Last time I checked, a reloadable razor was often far more expensive than it cost to produce, usually has the razor attachment/release mechanism patented,Look, you're just being obtuse. You know precisely what I meant, in that the razor by itself is useful if you can manufacture your own blades in-house, but otherwise does you no good if you don't wish to do further business with the company. Some companies have the resources to make their own blades (support the razor), others would rather let someone else deal with it.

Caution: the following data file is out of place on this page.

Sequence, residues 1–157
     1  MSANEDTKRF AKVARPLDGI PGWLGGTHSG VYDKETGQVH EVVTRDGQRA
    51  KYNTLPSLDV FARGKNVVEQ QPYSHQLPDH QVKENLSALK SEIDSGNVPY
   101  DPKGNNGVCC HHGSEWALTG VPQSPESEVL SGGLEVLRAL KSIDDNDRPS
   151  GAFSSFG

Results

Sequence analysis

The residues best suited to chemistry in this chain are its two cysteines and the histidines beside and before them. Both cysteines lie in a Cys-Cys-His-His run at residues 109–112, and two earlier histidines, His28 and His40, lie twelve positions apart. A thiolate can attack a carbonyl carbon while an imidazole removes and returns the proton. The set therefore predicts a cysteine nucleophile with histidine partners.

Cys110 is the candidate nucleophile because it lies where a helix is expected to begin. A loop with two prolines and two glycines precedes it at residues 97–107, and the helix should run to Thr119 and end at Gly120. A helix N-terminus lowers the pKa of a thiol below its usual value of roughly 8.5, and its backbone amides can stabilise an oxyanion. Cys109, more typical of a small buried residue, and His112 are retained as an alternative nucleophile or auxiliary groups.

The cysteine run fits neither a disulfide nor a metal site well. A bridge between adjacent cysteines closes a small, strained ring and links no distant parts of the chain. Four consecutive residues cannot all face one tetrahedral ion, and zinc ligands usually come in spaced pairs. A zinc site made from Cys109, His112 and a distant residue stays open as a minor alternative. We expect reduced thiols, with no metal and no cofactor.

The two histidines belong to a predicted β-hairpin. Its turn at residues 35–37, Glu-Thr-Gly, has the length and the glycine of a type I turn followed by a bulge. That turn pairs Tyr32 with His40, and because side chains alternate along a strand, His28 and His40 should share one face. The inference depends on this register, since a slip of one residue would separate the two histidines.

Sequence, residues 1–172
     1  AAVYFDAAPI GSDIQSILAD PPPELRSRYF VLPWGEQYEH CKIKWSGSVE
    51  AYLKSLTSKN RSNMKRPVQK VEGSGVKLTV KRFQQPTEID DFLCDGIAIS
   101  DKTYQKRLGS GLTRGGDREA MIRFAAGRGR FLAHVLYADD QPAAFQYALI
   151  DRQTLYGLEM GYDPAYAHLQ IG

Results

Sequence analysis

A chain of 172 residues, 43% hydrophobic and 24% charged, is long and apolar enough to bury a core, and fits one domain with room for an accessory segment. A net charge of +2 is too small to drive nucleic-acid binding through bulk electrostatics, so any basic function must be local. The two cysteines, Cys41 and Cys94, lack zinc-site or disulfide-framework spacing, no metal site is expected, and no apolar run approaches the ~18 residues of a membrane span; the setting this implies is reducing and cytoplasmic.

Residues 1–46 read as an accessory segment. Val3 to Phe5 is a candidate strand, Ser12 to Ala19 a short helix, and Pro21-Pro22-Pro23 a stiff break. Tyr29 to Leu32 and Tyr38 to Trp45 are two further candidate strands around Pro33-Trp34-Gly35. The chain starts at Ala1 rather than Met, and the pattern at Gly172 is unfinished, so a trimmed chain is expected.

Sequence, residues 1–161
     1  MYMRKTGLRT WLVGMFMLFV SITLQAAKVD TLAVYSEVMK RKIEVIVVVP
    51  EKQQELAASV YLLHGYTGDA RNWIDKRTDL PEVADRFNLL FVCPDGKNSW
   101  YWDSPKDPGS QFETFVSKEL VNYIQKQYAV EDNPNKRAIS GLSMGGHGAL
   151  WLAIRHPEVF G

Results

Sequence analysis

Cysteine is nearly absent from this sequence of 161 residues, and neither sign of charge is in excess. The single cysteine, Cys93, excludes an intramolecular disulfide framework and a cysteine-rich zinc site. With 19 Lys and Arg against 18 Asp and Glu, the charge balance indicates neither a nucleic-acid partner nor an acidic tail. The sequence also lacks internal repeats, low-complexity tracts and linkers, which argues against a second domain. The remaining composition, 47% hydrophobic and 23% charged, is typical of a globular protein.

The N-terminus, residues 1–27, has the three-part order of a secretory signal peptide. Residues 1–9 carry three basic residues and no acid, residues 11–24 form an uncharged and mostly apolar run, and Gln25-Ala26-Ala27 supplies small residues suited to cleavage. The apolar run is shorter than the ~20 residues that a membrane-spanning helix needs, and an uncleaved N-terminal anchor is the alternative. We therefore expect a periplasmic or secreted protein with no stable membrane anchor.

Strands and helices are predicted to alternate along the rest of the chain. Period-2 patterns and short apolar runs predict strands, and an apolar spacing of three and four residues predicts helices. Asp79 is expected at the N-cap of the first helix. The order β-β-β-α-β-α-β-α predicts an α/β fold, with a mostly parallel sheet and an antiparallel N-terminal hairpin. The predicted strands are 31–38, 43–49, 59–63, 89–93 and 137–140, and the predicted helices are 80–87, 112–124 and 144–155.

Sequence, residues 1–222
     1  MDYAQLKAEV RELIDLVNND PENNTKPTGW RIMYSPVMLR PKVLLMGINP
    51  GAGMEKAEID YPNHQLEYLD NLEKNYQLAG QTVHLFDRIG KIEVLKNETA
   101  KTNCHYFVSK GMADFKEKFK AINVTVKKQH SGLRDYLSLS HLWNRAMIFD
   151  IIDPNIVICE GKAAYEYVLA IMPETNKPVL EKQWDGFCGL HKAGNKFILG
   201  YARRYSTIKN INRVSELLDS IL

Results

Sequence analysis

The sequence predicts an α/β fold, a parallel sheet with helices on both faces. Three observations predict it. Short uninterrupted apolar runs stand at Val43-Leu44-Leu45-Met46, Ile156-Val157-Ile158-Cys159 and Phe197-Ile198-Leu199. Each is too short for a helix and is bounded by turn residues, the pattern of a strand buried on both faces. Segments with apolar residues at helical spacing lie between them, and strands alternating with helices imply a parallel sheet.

I merely pointed out that there are no good examples of this leading any business to noteworthy success.Obviously, it depends how you define 'noteworthy'. I define noteworthy success in terms of the respect and admiration of the rest of the industry as well as their customers. Depending how starry-eyed you are, you could say Microsoft meets that criteria, but I don't. If you define 'noteworthy' in monetary terms only, then Red Hat and SuSE are examples of success, as both are turning a profit. Are they making as much as Microsoft? No. However, Microsoft had a 20-year head start on these guys. If they can sustain a profit and grow, then that's successful enough for me.